“A key aspect for the finance community has been around disclosures. Although many will be disappointed that the word ‘mandatory’ does not feature, as 330 institutions from 52 countries had called for, the text does provide an unambiguous message to firms to prepare to disclose their risks, dependencies and impacts on nature – and that stronger requirements from individual jurisdictions is coming down the line, by 2030 at the latest,” said Cowley.
According to Robeco biodiversity equities strategy portfolio managers, Aaron Re’em and David Thomas, the agreement is a “great step forwards in tackling the twin challenges of nature preservation and funding.”
“$200bn a year in global biodiversity financing by 2030 will rapidly spawn new markets for nature-based solutions,” they said.
“The five-fold increase of $30bn in international financing by 2030 to developing countries will accelerate conservation efforts at the heart of biodiversity rich habitats, we hope especially for an increase in marine biodiversity investments, where it’s desperately needed.”
Re’em and Thomas said it was encouraging the agreement was tackling the contributors of biodiversity loss, including agriculture.
“The framework’s mission to reduce excess nutrient loss in agriculture by 50% will lift regional commitments to the EU’s ambitious biodiversity strategy targets,” they noted.
Target 19 of the agreement has reassured Queru that Mirova’s own strategy towards investing in natural capital is on the right track.
The target stated parties shall “substantially and progressively increase the level of financial resources from all sources… including by… leveraging private finance, promoting blended finance, implementing strategies for raising new and additional resources, and encouraging the private sector to invest in biodiversity, including through impact funds and other instruments.”
Target 19 also encourages innovative schemes such as “payment for ecosystem services, green bonds, biodiversity offsets and credits, benefit-sharing mechanisms, with environmental and social safeguards.”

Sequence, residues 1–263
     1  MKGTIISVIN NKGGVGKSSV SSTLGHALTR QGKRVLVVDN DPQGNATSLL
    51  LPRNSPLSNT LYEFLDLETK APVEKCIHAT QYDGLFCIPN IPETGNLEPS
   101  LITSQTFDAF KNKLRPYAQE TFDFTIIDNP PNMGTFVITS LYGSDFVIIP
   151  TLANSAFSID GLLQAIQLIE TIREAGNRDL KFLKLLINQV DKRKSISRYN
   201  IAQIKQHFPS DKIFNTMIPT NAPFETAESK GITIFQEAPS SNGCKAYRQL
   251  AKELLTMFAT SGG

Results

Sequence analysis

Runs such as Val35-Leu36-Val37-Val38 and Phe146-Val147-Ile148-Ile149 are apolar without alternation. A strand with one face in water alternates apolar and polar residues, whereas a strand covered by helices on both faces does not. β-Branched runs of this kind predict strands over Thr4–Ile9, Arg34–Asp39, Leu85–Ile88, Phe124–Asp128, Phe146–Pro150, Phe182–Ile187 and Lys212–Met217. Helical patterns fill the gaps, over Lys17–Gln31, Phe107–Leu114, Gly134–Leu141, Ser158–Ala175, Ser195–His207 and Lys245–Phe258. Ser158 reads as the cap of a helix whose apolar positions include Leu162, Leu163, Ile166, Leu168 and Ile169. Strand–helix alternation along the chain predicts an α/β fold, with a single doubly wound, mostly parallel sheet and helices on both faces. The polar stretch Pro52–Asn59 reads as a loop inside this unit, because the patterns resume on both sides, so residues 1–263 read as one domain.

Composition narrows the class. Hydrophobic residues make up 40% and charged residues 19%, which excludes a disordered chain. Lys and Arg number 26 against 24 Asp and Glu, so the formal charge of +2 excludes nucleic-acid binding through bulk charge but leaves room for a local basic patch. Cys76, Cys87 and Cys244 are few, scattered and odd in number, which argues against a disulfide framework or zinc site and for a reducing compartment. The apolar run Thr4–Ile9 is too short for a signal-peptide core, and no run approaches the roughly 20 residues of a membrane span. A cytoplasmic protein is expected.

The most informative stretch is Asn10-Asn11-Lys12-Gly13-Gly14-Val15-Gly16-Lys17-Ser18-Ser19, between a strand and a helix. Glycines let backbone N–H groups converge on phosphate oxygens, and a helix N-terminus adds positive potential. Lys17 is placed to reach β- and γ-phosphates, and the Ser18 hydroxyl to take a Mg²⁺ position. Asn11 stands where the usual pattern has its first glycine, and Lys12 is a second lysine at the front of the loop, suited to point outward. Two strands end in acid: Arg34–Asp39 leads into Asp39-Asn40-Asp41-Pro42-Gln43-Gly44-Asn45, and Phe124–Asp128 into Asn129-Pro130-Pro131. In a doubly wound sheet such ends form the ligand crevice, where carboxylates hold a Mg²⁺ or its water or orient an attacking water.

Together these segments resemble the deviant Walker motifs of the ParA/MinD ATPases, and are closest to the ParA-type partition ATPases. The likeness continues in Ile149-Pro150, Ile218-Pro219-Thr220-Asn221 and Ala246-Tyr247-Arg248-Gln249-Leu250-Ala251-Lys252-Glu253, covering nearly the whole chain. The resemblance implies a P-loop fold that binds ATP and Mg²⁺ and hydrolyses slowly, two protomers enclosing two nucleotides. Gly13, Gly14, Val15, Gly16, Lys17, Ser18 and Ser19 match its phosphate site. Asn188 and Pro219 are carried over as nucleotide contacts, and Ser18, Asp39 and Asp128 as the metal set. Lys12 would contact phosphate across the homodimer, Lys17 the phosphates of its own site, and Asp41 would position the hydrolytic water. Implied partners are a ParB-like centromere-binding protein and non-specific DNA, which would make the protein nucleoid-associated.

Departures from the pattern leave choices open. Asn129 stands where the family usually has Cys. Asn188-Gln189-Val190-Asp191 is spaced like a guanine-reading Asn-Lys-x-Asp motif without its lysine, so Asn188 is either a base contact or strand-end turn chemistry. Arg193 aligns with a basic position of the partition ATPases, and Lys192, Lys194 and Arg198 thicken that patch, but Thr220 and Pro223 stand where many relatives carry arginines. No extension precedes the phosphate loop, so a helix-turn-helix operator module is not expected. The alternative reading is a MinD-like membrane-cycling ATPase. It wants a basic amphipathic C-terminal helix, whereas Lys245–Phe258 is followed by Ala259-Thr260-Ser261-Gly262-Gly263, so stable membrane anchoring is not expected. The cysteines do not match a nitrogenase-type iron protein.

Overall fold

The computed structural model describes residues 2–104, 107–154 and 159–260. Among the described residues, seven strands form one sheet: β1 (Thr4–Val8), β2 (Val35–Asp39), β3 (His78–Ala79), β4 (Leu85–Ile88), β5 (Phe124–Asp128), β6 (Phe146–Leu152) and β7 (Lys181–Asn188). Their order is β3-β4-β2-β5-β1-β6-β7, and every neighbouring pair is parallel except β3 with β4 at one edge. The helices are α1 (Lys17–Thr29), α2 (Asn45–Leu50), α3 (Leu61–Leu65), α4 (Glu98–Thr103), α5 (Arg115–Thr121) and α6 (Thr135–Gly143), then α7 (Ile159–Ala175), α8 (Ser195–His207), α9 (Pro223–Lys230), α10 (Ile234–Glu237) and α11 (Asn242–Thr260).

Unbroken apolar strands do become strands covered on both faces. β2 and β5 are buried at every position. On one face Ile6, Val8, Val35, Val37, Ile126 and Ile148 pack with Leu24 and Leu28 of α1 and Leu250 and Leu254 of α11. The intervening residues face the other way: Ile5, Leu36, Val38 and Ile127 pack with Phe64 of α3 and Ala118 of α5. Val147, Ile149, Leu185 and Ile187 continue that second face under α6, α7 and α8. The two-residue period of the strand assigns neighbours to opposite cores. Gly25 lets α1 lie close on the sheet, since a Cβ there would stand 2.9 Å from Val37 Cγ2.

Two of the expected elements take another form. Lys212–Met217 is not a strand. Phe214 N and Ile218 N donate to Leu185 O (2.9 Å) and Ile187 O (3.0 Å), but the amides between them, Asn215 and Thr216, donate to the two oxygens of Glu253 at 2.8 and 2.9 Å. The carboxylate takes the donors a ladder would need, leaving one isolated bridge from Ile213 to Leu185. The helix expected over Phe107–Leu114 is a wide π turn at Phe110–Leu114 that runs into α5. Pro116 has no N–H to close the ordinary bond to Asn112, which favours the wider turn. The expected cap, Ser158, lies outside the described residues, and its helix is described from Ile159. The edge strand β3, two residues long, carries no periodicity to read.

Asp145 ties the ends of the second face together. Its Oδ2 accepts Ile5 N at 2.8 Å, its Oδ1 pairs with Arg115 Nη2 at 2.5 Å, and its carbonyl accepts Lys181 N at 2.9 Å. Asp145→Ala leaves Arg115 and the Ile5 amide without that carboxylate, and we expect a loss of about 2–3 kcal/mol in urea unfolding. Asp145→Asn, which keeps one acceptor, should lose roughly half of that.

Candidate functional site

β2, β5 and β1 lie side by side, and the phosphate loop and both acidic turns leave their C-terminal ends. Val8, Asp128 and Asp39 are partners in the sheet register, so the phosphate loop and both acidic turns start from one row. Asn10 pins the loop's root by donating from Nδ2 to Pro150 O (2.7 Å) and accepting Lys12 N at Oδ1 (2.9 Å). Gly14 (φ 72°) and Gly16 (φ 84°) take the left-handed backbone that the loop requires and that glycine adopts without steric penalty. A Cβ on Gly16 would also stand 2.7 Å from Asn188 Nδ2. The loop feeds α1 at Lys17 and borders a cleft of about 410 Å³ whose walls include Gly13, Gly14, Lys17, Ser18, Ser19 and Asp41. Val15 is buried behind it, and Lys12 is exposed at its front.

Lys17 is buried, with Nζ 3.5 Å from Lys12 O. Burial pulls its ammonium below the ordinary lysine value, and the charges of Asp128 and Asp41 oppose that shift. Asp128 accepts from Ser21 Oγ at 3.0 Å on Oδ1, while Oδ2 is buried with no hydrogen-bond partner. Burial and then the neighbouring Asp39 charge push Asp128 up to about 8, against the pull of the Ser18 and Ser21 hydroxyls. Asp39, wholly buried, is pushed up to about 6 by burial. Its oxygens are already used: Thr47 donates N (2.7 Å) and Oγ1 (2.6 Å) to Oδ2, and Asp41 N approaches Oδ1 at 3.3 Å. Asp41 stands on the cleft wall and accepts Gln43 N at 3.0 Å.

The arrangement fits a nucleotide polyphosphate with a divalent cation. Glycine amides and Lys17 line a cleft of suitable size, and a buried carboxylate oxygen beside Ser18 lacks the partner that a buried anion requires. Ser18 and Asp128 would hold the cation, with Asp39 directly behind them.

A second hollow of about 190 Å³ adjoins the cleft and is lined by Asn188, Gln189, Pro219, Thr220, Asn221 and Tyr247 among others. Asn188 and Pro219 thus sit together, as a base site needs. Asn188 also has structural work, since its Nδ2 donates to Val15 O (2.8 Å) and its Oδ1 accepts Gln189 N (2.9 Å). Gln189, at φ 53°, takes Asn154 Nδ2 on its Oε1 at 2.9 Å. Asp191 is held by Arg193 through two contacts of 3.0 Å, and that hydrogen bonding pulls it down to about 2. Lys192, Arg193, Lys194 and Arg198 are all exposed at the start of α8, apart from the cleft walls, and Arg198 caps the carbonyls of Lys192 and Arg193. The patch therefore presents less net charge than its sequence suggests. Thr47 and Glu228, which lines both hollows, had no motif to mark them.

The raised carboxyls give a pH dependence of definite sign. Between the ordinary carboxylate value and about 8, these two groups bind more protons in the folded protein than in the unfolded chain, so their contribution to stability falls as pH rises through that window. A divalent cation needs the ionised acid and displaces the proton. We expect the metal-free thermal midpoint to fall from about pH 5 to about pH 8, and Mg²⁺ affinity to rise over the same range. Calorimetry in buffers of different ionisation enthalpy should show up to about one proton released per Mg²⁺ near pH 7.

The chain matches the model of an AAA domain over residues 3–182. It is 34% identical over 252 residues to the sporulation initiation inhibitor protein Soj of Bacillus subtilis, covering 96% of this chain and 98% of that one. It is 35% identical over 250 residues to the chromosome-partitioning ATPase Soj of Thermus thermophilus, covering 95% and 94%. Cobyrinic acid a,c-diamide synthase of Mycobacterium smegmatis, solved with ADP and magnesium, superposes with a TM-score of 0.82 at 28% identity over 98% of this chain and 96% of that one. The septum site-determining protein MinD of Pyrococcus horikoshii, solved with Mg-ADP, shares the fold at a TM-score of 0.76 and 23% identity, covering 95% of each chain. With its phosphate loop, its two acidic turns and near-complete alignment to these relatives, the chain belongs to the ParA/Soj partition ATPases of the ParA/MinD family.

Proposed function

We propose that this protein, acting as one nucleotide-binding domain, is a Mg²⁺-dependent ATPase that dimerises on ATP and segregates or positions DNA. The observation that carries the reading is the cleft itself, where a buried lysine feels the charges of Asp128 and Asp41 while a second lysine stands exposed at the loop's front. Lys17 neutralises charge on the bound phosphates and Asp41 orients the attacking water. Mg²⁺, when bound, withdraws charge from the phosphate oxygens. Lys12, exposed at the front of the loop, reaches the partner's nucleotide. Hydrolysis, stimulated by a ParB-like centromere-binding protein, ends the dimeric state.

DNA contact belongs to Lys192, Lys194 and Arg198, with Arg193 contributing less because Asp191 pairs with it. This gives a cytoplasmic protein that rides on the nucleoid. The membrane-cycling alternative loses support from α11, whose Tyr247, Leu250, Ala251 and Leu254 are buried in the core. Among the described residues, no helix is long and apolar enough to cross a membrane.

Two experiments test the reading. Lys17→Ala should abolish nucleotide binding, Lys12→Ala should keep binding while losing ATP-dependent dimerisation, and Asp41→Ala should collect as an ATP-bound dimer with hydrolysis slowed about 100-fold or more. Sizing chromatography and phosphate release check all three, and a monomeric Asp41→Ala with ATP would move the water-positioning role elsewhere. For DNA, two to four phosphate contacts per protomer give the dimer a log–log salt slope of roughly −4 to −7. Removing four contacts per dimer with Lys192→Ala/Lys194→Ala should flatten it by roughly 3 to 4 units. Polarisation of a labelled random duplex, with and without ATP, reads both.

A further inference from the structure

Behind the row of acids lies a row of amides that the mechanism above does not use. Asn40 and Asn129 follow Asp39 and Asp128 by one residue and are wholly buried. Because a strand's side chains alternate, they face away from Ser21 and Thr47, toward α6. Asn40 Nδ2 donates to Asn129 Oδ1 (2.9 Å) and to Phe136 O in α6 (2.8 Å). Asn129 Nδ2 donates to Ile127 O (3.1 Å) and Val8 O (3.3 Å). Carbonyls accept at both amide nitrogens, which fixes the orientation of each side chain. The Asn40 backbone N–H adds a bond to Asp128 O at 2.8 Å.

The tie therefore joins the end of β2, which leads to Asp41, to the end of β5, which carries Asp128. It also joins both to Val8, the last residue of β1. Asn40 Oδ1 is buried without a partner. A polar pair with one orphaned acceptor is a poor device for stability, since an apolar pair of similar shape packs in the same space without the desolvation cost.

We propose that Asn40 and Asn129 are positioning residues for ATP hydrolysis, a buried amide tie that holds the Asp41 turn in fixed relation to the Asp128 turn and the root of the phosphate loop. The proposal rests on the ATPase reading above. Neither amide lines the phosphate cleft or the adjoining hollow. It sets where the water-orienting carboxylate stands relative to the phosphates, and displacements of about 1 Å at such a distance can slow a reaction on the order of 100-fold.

Queru said: “Here both references to impact funds and innovative schemes such as biodiversity credits are very encouraging and confirm that what Mirova has developed for the past seven years in the field of natural capital investing is deemed relevant and useful. It is an incentive for us to do more and will only encourage us to accelerate.”
Target 14 of the agreement tackles integration of biodiversity into “policies, regulations, planning and development processes, poverty eradication strategies, strategic environmental assessments, environmental impact assessments and, as appropriate, national accounting.”
It noted all relevant public and private activities, fiscal and financial flows should be progressively aligned with the GBF’s goals.
Sophie Lawrence, stewardship and engagement lead at Rathbone Greenbank Investments said the fact private financial flows needing to be aligned with the goals and targets of the GBF, alongside public finance, was “welcome”.
However, Lawrence also said: “Significant concerns remain over the scale of finance committed by developed countries to developing nations given the scale of the problem, in addition to questions over whether the GBF is an effective mechanism for distributing funds equitably.”